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Would-be Lilly foe wins U.S. panel backing for inhaled insulin

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MannKind Corp.’s inhaled diabetes treatment won the backing of a panel of U.S. regulatory advisers, boosting the company’s long-running effort to get its first product on the market. Shares more than doubled in extended trading Tuesday after the panel’s recommendation.

Advisers to the Food and Drug Administration voted 13-1 and 14-0 that the drug, Afrezza, should be approved for Type 1 and Type 2 diabetes, respectively. The FDA doesn’t have to follow the panel’s recommendation. FDA staff raised concerns in a report March 28 that the drug may affect lung function and about missing data from a study on Type 1 diabetes patients.

Afrezza would compete with Indianapolis-based Eli Lilly and Co.’s Humalog and Novo Nordisk A/S’s Novolog, both injected insulins. Novolog generated $3 billion in sales last year and Humalog brought in $2.6 billion, according to data compiled by Bloomberg. Many diabetics begin treatment on an older drug called metformin, a pill which can lose effectiveness over time.

MannKind has spent more than seven years trying to gain approval. The FDA rejected the drug twice, most recently in 2011, after the Valencia, Calif.-based company decided to switch inhalers during the review process.

While some panel members who recommended approval expressed reservations about potential safety risks, they said MannKind demonstrated the drug works. The advisers also said the benefit of an alternative to insulin injections outweighed their concerns or could be addressed in the medicine’s labeling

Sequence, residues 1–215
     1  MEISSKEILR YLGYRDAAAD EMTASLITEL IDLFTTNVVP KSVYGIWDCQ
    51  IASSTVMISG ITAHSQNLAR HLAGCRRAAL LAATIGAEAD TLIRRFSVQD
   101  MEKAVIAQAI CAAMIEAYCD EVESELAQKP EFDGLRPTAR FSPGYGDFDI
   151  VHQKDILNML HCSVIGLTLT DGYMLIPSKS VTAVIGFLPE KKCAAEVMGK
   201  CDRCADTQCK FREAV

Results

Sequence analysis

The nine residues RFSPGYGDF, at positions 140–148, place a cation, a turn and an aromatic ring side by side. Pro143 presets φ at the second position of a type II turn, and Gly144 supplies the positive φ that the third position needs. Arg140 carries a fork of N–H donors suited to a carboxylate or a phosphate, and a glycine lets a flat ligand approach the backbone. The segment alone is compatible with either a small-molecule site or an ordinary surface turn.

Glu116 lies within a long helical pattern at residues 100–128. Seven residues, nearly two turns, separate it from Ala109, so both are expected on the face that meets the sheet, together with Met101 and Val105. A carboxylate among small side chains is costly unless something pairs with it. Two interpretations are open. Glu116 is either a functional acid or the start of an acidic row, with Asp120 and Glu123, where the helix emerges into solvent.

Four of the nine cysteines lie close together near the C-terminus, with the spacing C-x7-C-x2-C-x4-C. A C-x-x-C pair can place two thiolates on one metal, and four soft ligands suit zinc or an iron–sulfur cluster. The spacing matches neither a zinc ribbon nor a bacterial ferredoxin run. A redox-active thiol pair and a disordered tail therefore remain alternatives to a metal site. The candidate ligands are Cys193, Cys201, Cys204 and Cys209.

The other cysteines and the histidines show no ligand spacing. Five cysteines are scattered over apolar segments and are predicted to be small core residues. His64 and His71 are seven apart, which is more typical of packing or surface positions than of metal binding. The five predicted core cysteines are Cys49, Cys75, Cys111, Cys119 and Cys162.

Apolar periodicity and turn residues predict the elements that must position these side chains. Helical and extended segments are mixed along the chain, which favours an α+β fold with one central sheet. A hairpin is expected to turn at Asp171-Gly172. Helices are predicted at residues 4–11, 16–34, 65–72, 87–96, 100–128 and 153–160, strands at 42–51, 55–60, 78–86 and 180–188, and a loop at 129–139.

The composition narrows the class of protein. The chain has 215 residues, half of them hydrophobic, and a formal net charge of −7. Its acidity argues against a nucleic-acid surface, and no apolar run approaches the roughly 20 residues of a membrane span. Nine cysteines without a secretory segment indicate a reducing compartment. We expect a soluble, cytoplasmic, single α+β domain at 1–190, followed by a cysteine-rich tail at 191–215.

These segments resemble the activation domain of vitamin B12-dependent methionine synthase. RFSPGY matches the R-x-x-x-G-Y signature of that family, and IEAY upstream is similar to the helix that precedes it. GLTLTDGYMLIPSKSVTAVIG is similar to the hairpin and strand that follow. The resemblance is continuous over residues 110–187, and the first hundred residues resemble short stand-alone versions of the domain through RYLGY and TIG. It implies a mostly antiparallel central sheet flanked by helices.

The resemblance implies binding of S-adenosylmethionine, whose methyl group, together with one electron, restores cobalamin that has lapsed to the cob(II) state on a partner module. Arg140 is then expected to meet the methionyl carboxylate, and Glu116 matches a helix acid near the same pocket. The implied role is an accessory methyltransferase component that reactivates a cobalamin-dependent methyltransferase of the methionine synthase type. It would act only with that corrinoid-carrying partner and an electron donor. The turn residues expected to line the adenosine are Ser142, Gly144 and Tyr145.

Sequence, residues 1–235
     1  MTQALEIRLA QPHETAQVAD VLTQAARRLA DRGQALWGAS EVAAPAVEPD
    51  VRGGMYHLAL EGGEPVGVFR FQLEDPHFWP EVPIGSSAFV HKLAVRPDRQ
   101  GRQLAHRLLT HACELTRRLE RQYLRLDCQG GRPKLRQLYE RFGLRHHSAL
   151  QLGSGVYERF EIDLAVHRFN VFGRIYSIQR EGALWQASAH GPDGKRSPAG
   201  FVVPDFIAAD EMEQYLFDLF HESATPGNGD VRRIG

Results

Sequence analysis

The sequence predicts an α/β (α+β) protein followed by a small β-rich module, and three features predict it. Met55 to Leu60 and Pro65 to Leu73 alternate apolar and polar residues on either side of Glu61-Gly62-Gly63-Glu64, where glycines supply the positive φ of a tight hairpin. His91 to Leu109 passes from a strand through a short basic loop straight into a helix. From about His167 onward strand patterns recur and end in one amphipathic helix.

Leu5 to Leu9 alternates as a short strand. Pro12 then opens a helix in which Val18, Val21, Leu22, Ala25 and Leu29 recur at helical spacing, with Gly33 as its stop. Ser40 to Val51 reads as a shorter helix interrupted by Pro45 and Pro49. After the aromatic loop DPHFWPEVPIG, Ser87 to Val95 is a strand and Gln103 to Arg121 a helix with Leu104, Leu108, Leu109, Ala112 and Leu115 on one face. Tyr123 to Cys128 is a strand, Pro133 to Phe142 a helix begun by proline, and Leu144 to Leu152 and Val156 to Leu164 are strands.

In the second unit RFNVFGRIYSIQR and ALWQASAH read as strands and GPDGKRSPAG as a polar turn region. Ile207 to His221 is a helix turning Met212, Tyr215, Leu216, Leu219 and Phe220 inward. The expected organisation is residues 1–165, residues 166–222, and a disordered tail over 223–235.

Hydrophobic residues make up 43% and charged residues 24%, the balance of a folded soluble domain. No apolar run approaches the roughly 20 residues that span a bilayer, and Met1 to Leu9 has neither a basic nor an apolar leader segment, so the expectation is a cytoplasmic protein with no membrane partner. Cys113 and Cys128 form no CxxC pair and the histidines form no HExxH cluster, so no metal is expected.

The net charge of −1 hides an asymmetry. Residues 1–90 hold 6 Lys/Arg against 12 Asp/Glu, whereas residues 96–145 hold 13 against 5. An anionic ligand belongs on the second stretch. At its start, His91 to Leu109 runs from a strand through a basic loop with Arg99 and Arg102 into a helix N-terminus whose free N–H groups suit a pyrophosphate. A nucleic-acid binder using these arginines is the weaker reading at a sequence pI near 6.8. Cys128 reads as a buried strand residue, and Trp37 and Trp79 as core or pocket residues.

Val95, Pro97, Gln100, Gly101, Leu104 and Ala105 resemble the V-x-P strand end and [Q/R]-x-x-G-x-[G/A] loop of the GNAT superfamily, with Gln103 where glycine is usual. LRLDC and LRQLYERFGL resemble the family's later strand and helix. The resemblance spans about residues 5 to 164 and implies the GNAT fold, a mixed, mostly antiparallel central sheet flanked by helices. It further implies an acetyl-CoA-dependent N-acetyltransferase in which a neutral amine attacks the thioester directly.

If approved, Afrezza may generate $534 million in 2018, according to the average estimate of three analysts compiled by Bloomberg. The FDA is expected to decide whether to clear the drug for sale by April 15.

MannKind shares more than doubled, to $9.31 each, in after-market trading after being halted during the day for the panel’s meeting. The company declined five straight days leading to the meeting, including a 17-percent drop Monday, to $4.02, the biggest single-day fall since October 2012, as investors were concerned the panel may react negatively to the drug.

“We are pleased with the advisory committee’s approval recommendation in support of Afrezza, and we appreciate the thoroughness of their review,” Alfred Mann, chairman and CEO, said in a prepared statement. “Diabetes is a major health problem in the United States, and we are committed to bring Afrezza to the many patients who might benefit from this novel product.”

About 26 million people in the U.S. had diabetes in 2010, or 8.3 percent of the population, according to the Centers for Disease Control and Prevention. The condition, which is caused when the body doesn’t use insulin properly or doesn’t make the hormone, is the seventh-leading cause of death in the U.S. Insulin is a hormone secreted by the pancreas that helps the body control blood sugar. Type 2 accounts for 90 percent to 95 percent of diabetes cases in the U.S.

Pfizer Inc. made the only other inhaled insulin, Exubera, approved in 2006. The New York-based drugmaker pulled the product after sales were lower than expected, according to the FDA staff report. The drug was associated with a higher risk of lung cancer because insulin is directly deposited in the lungs and the drug is a growth factor. FDA staff said this may be a concern with Afrezza as well.

FDA staff suggested two post-market studies to evaluate lung-cancer risk.

Lilly tried to produce an inhaled insulin of its own, but abandoned the effort in 2008 after spending tens of millions of dollars on the effort.

Lilly shares fell 11 cents in after-market trading, to $58.71 each, after dropping 4 cents Tuesday during regular market hours.

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